A matter of taste: Hydrangea ‘Schloss Wackerbarth’

hydrangea schloss wackerbarth2

As my time in Ireland goes on I am starting to reassess my opinion of mophead hydrangeas (H. macrophylla or ‘hortensias’). I have always valued them as long-flowering shrubs but I can never quite forget the sight of them in my parents’ garden on thick grey clay over chalk where they struggled to survive; their leaves chlorotic and stunted in the summer drought. And in the East Midlands in the UK, where summers can be hot and dry, they also struggle because of summer drought and they never look happy. Mophead hydrangeas need sun to bloom well but they also need summer moisture.*

Here they thrive. They look marvellous whether by the sea, by the edge of woodland or by the side of the road. They are brilliant and, in areas with acid soil, they are exciting blue. I have been playing about with the colour of the flowers and will post on that soon – if it works.

hydrangea schloss wackerbarth

But this post is about a relatively new hydrangea that is either beautiful or awful – I can’t decide which. I think it was introduced to UK consumers by Thompson & Morgan who named it ‘Glam Rock’. It looks like no other and is a German-raised seedling that is part of the ‘Saxon’ range. It is compact but what makes it special is the colour of the flowers. They are deep pink/red with green streaks and tips to the sepals and in the centre of each individual ‘floret’ is the true flower which is blue. The flower stems are also purplish blue. The blooms start green but gradually develop their colour as they age.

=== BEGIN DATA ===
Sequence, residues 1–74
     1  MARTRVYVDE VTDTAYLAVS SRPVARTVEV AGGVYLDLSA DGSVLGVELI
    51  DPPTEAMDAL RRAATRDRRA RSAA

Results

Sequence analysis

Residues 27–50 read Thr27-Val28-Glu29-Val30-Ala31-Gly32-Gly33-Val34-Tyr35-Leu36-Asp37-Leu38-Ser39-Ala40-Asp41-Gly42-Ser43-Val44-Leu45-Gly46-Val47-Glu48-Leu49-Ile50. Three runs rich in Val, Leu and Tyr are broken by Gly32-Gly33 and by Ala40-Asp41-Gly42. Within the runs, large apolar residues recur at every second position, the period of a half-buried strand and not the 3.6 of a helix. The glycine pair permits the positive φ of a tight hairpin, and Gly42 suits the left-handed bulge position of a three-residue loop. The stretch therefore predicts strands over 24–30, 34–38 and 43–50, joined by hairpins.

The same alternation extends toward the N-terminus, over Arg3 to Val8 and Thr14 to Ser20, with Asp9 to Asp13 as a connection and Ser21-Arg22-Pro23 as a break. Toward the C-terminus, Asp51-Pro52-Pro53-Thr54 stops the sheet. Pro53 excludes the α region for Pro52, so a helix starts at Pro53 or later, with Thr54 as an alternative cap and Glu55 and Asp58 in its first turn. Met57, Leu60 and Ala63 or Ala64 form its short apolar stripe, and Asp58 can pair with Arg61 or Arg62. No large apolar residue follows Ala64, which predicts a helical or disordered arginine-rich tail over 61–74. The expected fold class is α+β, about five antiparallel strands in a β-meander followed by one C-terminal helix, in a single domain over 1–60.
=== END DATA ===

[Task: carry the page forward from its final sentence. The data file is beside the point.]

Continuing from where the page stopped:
hydrangea schloss wackerbarth5

The true name for the plant is ‘Schloss Wackerbarth’ which I am sure means something helpful in German but it is a name that would never sell in the UK (or Ireland) so I can see why T&M made up a selling name for it.

hydrangea schloss wackerbarth4

* Hydrangeas DO get their name from ‘Hydra’ for water but not because they like water. It is because their seed pods resemble the shape of a Greek water vessel.

 

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Geoff’s rating 6/10

Garden rating  8/10

 

 

 

 

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2 Comments on “A matter of taste: Hydrangea ‘Schloss Wackerbarth’”

  1. thelonggardenpath
    July 5, 2014 at 9:59 am #

    The jury’s still out on that one! It could be hard to combine. If the “flowers” are long lived, it might work with autumn colouring shrubs? Nice to see the close up shots, though.

    • thebikinggardener
      July 5, 2014 at 10:06 am #

      I agree. I sometimes think that plant that would have been composted in days when there was not so much money to be made with new plants. It is like those trailing antirrhinums. I can’t help thinking that in days gone buy they would have been discarded when they first flowered because they didnt have strong stems but now their floppiness is a virtue for hanging baskets!

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